Tom Peters is a perennial management guru, and he continues to push the envelope of developing business behavior and acumen. In The Little Big Things: 163 Ways to Pursue Excellence
, he has created a thought-provoking book that may reshape the way you think about business, your own career, and the state of manufacturing in this country.
Peters’s style is to write short, quick chapters, often in the form of lists, and this book is no exception. Here, he presents 163 different ways organizations and individuals can pursue excellence. The book begins with lists based on the concept of little—the idea that small things matter in a big way. Peters illustrates this with short, pithy sayings and makes use of stories and anecdotes to expand upon the idea, such as an incident that occurred at the University of Colorado-Boulder. Hand-sanitizer dispensers were added in one of its dorms, and despite no signs asking students to use them, the number of sick days and missed classes fell 20 percent per student.
Later chapters cover subjects such as excellence, crisis, opportunity, attitude, learning, passion, and leadership. Finally, Peters concludes with a chapter on the bigger things, in which he urges readers to consider their legacies. Your legacy is not something that occurs after death, but rather, something that you impart each day. Peters instructs readers to think about their latest experiences, such as a work day or project, and consider what is the legacy of just that one event.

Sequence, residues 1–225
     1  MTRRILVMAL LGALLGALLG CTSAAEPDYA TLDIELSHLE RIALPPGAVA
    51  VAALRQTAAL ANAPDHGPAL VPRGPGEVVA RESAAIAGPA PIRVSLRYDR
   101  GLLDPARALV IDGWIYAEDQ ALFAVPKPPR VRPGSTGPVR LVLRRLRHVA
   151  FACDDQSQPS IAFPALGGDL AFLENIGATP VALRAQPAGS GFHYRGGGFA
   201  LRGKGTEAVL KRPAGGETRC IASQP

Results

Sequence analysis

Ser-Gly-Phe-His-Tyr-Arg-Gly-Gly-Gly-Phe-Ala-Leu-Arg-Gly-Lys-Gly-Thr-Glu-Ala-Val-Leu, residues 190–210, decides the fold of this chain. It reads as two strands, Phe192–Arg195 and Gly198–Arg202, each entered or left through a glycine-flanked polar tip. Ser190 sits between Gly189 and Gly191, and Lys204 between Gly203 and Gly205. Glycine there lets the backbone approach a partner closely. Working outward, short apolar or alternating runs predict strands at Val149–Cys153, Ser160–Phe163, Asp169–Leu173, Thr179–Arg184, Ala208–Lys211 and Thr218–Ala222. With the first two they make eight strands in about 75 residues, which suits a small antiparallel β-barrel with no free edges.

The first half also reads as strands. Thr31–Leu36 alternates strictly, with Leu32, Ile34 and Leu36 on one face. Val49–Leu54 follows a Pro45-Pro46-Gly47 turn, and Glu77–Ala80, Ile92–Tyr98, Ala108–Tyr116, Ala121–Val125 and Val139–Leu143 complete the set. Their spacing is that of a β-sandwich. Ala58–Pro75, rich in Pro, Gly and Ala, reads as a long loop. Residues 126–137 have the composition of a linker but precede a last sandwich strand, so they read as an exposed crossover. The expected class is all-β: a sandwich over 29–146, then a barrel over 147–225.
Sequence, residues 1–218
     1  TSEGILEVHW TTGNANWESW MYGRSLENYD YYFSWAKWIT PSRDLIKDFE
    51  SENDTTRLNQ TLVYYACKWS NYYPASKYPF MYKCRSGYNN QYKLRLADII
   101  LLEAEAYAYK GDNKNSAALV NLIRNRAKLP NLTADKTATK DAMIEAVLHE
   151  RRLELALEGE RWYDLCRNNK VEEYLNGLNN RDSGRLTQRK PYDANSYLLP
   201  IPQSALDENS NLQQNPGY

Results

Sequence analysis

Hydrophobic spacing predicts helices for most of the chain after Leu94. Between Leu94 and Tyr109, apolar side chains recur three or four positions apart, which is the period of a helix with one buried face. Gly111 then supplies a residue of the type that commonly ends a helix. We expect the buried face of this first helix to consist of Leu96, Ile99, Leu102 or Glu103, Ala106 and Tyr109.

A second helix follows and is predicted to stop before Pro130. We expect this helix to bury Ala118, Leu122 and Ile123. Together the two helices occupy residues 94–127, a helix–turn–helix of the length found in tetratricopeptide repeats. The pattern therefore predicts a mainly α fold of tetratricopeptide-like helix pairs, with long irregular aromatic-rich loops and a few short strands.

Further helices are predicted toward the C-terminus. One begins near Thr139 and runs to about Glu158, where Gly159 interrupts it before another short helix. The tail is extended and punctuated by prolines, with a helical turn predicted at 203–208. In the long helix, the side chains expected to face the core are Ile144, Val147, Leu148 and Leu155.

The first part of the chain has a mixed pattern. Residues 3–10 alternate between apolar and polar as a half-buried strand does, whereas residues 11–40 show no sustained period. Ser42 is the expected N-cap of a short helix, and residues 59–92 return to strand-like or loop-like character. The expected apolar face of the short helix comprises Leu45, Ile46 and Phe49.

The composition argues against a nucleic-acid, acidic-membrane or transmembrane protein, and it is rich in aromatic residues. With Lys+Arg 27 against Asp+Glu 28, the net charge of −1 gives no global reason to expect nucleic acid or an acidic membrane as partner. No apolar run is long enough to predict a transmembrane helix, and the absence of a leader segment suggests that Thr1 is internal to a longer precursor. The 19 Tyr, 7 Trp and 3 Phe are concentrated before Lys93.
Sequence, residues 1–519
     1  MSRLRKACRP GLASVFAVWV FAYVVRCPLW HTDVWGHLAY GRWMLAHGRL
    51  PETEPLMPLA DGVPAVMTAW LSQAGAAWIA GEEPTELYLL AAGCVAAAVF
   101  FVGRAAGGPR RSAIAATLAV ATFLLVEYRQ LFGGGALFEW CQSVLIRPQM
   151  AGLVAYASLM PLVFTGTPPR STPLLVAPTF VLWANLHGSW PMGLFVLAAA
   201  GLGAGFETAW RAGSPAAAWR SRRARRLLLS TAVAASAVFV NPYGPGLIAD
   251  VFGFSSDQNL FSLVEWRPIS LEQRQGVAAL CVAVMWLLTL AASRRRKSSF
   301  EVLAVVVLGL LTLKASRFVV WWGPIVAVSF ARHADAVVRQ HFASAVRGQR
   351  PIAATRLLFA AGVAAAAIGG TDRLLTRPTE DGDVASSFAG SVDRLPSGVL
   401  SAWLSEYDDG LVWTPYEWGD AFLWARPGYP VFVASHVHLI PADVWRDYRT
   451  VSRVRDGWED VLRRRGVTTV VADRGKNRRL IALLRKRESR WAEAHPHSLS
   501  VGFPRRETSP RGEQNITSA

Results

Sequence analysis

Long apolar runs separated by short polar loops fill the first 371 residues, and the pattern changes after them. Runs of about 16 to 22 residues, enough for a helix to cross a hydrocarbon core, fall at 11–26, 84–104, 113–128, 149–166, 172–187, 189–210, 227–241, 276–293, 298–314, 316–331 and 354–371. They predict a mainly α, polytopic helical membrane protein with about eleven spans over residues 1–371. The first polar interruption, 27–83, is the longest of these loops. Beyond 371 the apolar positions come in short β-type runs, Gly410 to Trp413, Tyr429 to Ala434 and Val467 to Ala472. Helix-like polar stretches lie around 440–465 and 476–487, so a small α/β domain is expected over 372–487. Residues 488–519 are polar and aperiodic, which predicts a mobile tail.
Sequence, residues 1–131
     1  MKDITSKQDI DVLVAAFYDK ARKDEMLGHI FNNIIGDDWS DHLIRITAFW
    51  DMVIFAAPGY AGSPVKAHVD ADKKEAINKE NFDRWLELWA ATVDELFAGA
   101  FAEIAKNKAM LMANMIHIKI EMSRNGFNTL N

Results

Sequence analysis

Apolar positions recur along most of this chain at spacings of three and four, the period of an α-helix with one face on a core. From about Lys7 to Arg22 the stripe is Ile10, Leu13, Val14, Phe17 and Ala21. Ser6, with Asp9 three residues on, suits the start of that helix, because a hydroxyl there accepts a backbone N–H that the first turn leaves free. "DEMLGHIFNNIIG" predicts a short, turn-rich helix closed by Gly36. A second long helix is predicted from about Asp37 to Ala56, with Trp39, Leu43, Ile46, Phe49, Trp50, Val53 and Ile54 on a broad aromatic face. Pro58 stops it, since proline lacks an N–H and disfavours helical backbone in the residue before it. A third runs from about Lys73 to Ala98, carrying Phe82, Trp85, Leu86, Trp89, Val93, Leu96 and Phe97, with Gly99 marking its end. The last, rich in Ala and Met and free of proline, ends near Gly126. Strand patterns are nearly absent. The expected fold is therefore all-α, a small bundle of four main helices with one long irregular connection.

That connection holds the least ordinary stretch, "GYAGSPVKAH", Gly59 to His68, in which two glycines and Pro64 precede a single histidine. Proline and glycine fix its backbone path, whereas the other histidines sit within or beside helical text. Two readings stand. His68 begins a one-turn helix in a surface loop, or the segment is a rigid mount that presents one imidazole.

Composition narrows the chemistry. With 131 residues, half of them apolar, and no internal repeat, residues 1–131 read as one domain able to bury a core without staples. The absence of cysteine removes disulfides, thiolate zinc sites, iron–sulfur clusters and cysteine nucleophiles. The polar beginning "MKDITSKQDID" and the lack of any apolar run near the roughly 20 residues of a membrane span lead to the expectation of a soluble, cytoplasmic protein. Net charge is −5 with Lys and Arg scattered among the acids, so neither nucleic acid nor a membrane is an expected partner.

It is not always easy to live up to all of his ideals, but you can find concepts that are achievable. And Peters’s advice will almost certainly make you a better professional.
Karl M. Kapp, EdD, CFPIM, CIRM, a professor at Bloomsburg University, is author of Gadgets, Games, and Gizmos for Learning and coauthor of Integrated Learning for ERP Success. He may be contacted at firstname.lastname@example.org.